Bay Area apartment rents reached a record high in the second quarter, according to a report Tuesday, continuing a three-year run of steady increases that’s setting off alarms among economists and corporate leaders.
Rents averaged $2,158 a month in the nine-county Bay Area, a nearly 20 percent gain since the second quarter of 2011, and a 10.3 percent jump from the same period last year, according to Novato-based RealFacts. Rents were up 5.6 percent from the first quarter.
Alameda County saw the biggest percentage gain — up 12 percent from a year ago to an average rent of $1,928 a month. The area’s under pressure partly because of refugees from San Francisco, where rents averaged $3,229 in the second quarter, a 9.4 percent annual gain. The San Francisco metro area has the highest rents among the country’s 25 largest rental markets, according to online real estate site Trulia.
The average apartment rent was up 9 percent to $2,321 in Santa Clara County; up 8 percent to $1,609 in Contra Costa County and up 8.1 percent to $2,470 in San Mateo County.
A limited supply and strong demand are responsible, economists and housing experts say. They worry that continued job growth in the region — boosted by the remarkable boom in tech — is unsustainable without similar growth in housing.
“All of these companies are hiring and new people are coming in from around the world and around the country,” said Stephen Levy of the Center for Continuing Study of the California Economy in Palo Alto. “They’re good jobs and they’re bidding against a limited supply of apartments. It’s both a sign of strong job growth and a sign we need to give it attention.”
Jim Wunderman, president and chief executive of the Bay Area Council, said the region needs to work together to build more housing.
“There needs to be a partnership between cities, counties and companies to get housing built fast so that we can enable the growth pattern to continue,” he said. “Otherwise, it forces labor costs up because a company has to pay more because of the rising cost of living. They’ll do that for a while, but eventually they’ll start looking for alternatives.”
Housing has consistently been the top concern in a survey of corporate executive members of the Silicon Valley Leadership Group, said Shiloh Ballard, the group’s housing analyst. “We’re not achieving the number of homes to keep pace with demand, and we see that with increased rents.”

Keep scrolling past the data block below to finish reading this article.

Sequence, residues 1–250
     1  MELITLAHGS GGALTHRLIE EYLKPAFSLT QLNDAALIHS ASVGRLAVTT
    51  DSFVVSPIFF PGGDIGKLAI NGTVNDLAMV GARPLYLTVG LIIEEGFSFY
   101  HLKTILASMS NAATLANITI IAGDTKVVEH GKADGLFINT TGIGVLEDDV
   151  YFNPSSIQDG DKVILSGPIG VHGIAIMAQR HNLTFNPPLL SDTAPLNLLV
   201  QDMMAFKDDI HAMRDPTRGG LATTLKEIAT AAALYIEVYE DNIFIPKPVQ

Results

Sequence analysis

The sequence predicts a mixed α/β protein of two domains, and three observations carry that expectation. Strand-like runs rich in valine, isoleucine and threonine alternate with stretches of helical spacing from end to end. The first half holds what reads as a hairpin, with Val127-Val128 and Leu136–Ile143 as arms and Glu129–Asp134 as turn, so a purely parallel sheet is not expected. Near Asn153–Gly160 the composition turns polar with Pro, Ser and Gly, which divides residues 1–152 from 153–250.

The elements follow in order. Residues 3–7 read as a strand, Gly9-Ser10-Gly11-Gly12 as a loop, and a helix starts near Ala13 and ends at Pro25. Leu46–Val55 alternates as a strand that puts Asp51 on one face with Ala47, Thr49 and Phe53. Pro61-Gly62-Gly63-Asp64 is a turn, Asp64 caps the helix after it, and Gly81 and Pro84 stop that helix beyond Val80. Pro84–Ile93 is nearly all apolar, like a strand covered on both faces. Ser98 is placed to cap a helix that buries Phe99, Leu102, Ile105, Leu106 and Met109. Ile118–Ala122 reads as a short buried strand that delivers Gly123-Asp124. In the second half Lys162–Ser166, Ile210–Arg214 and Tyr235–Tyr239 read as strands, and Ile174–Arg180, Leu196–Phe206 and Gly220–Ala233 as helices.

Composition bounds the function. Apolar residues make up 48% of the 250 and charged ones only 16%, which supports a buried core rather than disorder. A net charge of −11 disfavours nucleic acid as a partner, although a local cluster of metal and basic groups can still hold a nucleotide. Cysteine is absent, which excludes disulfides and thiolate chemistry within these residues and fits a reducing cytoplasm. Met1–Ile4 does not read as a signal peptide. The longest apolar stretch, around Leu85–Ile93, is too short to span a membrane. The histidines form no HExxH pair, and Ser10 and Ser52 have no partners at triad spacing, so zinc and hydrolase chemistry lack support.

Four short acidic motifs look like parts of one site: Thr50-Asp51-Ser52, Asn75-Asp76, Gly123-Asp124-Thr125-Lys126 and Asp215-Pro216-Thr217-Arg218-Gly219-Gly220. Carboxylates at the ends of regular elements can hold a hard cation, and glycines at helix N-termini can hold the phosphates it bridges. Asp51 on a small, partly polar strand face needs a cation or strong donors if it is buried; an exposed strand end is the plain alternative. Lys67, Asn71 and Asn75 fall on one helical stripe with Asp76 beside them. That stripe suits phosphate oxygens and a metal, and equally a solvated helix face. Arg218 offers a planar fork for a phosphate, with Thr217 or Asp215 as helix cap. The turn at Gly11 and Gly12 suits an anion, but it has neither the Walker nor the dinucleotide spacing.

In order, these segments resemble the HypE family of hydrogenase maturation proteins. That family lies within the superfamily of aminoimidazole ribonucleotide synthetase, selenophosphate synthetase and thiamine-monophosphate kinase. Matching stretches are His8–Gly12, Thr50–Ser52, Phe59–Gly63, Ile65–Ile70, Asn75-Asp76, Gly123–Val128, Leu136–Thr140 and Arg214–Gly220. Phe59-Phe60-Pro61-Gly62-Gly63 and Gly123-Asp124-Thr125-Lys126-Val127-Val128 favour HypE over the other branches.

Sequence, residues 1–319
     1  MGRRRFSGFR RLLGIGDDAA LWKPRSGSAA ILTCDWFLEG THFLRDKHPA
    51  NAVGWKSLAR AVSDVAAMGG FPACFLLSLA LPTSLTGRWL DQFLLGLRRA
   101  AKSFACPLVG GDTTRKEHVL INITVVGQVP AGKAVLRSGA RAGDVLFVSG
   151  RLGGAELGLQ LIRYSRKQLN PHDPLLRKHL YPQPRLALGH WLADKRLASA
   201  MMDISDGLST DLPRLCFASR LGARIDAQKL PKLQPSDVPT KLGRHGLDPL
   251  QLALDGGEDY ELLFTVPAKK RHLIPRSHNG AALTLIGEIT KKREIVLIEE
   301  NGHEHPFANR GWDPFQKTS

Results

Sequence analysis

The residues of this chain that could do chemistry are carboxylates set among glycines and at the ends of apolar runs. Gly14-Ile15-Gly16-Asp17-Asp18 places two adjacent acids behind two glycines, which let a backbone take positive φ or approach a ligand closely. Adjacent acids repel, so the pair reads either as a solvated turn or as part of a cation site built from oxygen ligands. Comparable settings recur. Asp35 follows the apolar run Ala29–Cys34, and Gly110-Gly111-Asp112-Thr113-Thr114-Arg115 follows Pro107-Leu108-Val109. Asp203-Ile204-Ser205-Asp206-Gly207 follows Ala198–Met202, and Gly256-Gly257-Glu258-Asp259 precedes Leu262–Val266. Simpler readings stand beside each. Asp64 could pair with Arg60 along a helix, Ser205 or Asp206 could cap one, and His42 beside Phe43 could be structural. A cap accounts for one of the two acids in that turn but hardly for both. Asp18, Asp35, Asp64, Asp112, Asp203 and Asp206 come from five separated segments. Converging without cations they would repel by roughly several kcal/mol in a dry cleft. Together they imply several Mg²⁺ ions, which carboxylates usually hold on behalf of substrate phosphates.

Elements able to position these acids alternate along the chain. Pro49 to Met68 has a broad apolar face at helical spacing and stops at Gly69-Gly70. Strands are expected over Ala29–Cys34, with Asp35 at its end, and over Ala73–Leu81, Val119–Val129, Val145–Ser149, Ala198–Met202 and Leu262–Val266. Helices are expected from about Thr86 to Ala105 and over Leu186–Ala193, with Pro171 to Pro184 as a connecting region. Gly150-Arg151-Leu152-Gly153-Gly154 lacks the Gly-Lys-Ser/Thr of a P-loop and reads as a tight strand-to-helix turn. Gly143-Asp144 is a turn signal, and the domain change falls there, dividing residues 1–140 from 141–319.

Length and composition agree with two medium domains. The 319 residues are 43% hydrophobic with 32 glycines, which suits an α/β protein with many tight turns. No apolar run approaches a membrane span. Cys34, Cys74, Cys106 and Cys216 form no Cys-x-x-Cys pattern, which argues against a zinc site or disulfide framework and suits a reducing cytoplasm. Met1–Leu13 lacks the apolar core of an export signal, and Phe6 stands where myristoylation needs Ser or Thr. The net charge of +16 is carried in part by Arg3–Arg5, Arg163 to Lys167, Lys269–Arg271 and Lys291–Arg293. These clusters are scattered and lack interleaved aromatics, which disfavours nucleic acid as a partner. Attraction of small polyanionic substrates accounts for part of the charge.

The relentless gain in rents has people such as single mom Waynetta Mills, an insurance agency account executive who lives in Dublin in the East Bay but works in San Mateo on the Peninsula, planning to lengthen her commute.
“As a single mother of two, I have no choice but to move farther out to be able to afford to live,” said Mills, whose rent for a two-bedroom apartment in Dublin was just raised 9 percent to $2,180 a month.
“I’m not looking forward to commuting from the Suisun-Vallejo region all the way to San Mateo, but at this point I really have no choice,” she said.
Linda Nichols, who operates a day spa in Menlo Park, struggled to find another apartment after receiving a 60-day move-out notice from new owners.
“I was born and raised here, but honestly I don’t know how much longer I’m going to be able to stay,” Nichols said. “It’s sad. I’m going to have to sell a good business.”
Nick Grotjahn of RealFacts said that “for apartment owners and developers this is all good news, but for renters and especially your average renter in the Bay Area, not your high-tech worker, it’s really putting the squeeze on you.”
RealFacts measures rents in apartment complexes and townhomes of more than 50 units, so the prices — which are averages of all sizes of apartments — tend to be higher than for smaller developments.
Ron Stern of Bayrentals.com, which lists smaller complexes and houses for rent around the Bay Area, said he’s seen rents increase 20 percent in the past few years. “Even apartment managers are shocked at what they have to charge in rent now,” he said.
RealFacts said Bay Area apartment rents in large complexes ranged from an average of $1,859 for a studio to $2,868 for a two-bedroom, two-bath apartment and $3,258 for a three-bedroom townhouse.
According to RealFacts, San Jose had an average apartment rent of $2,169, Oakland $2,421 and Concord $1,418.
Patricia De La Torre, who works for a semiconductor company and lives in a three-bedroom townhouse in Mountain View, is looking for a second job “just for the extra spending money.” Two of her sons have graduated from high school but the other two are still in school and her rent is nearly $3,000 a month. “It’s so hard to balance everything out,” she said.
Ruben Holmes left San Jose after 30 years there and moved to Mountain House in San Joaquin County where he rents a five-bedroom, three-bath house for $1,600 a month.
“I never thought I would leave San Jose,” said Holmes, who has an Internet business and works from home.
Effie Moore of San Jose said she knows people who are moving to Sacramento and Patterson in the San Joaquin Valley.
“I never heard of Patterson until I had friends moving there,” Moore said. “I’ve seen a lot of people moving out of the Bay Area. A lot of friends are moving to Sacramento, and that’s what we’re going to end up doing so we can buy a home.”